“I was surprised at his score,” Jordan said.

The door was open for Jordan. He tried a dunk from the foul line and missed, but the rules allowed two chances per attempt. The second effort is the one replayed about a billion times since: He took off from just inside the foul line, pulled the ball back a bit before finishing off the slam, and got the perfect score of 50.

Final score: Jordan 147, Wilkins 145.

“The dunk contest, Nique got robbed,” said Doc Rivers, the Los Angeles Clippers coach who that year was an All-Star representing Atlanta – Wilkins’ team as well – in his hometown of Chicago. “But other than that, it was a perfect weekend.”

The dunk contest has had its ups and downs since.

It went away for a couple of years. Fred Jones, a journeyman who played for five teams in seven seasons, was the 2004 champion. Jeremy Evans – he averaged 3.5 points per game in his career – won in 2012. The NBA tried a team concept with three guys representing each conference in 2014; it wasn’t well received. Only the most ardent fan probably remembers that last year’s winner was Hamidou Diallo.

There have been some stars: Kobe Bryant won in 1997 and Vince Carter prevailed in 2000, a win that still draws raves from Jordan.

The highest compliment, in fact.

“The most amazing dunk I have ever seen is probably Vince Carter when he hung his elbow in the rim,” Jordan said. “To me that was, without question, just unbelievable.”

But most of the biggest names – and many considered among the best dunkers of their generation – have taken a pass on the dunk contest. LeBron James has never entered one, nor has Russell Westbrook, and Dwyane Wade didn’t either.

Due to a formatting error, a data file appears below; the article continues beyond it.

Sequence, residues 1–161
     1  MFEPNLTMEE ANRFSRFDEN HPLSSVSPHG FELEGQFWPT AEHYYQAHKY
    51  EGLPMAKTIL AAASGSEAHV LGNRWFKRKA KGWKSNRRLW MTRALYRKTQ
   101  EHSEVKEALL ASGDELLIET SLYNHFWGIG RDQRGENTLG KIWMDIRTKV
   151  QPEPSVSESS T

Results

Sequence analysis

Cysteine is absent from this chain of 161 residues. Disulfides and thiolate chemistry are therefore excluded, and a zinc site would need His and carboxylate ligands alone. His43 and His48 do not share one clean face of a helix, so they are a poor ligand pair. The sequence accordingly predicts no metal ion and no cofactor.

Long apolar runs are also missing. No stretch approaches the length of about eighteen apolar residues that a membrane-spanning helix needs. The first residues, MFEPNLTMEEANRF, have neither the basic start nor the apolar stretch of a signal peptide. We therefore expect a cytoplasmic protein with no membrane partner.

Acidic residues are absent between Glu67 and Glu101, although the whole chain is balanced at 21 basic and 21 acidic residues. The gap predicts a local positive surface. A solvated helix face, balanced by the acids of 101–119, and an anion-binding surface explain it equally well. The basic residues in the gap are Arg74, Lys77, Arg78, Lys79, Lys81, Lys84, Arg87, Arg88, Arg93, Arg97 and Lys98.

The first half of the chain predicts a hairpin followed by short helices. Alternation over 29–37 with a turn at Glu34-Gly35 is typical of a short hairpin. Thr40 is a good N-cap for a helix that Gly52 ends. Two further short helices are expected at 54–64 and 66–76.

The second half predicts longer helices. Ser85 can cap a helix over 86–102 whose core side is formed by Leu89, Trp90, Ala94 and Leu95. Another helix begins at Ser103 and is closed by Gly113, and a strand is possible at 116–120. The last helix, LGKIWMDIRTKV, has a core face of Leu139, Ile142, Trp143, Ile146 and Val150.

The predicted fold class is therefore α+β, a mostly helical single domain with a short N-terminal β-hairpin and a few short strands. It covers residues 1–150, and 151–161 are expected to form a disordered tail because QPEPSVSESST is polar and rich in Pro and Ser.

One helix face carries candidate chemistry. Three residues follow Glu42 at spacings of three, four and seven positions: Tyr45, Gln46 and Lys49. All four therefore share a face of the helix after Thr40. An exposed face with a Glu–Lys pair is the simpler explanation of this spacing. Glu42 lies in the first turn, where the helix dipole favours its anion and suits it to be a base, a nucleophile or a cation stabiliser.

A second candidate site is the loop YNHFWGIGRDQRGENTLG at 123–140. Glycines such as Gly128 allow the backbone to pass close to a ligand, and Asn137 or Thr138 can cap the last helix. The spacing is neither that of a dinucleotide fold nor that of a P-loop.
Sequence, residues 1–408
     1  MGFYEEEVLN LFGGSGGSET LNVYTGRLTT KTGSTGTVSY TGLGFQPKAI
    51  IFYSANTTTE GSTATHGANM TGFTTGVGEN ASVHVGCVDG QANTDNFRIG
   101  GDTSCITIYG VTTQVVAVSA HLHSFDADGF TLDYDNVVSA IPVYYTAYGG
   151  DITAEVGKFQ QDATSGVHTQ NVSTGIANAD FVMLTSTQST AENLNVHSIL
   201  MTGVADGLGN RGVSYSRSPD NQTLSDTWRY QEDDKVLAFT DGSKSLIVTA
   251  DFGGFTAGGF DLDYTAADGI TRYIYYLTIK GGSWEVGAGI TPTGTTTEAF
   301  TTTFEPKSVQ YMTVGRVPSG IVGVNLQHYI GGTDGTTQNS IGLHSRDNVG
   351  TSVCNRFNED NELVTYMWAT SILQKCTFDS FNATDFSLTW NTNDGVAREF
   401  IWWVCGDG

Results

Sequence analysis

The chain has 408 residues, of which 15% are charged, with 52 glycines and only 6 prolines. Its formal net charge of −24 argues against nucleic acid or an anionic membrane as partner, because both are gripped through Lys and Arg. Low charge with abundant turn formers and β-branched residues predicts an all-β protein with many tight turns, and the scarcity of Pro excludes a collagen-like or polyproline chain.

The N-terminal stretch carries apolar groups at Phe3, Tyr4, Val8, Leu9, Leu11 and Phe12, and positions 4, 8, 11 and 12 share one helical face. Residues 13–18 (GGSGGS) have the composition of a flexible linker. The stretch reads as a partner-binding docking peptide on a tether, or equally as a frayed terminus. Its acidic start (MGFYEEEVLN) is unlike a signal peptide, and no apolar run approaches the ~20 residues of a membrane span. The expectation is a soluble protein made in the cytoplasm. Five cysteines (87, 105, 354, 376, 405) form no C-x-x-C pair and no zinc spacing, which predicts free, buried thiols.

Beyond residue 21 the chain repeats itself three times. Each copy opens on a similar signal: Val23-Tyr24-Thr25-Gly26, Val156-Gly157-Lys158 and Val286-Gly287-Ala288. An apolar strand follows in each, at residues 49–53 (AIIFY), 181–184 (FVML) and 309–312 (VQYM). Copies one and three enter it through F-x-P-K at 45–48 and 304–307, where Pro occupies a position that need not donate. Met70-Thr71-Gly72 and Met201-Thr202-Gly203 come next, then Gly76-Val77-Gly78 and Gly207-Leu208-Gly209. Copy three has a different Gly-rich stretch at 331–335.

“I’d have loved to have seen LeBron,” Wilkins said.

Jordan agreed, saying he knows fans are clamoring to have seen James try it at least once.

“What we did in the game and excitement that we created when we did dunk,” Jordan said. “People wanted to see that. Is it the same today? Maybe not.”

Dwight Howard, Aaron Gordon headline NBA All-Star Dunk Contest participants

Thearon W. Henderson/Getty Images
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Superman is back.

Dwight Howardwho won the NBA Dunk Contest back in 2008 — is returning a dozen years to “defend” his crown.

Tuesday the NBA made official what we already knew, the four participants in the All-Star Saturday night NBA Dunk Contest are:

Pat Connaughton, Bucks.
Aaron Gordon, Magic.
• Dwight Howard, Lakers.
Derrick Jones Jr., Heat.

The casual fan may look at those names, think about the up and down nature of the dunk contest, and think “meh.” But there is a lot of potential in that group.

Derrick Jones Jr., making his second Dunk Contest appearance, should be the betting favorite for my money. He is arguably the best in-game dunker in the league today.

Aaron Gordon should have won this thing in 2016 and is fully capable of winning it next weekend.

The Dwight Howard Redemption Tour 2020 will return to the dunk contest, and sleep on him at your own peril.

Pat Connaughton is a flat out athlete. He could be a major league pitcher right now, but instead he will be throwing it down in the Dunk Contest.

The Dunk Contest format is the same as it has been for a while. All four participants get two dunks in the first round, with three attempts to complete the dunk. A panel of five celebrity finalists will judge each dunk. The players with the two highest scores advance n to the final round where they will do two more dunk competition.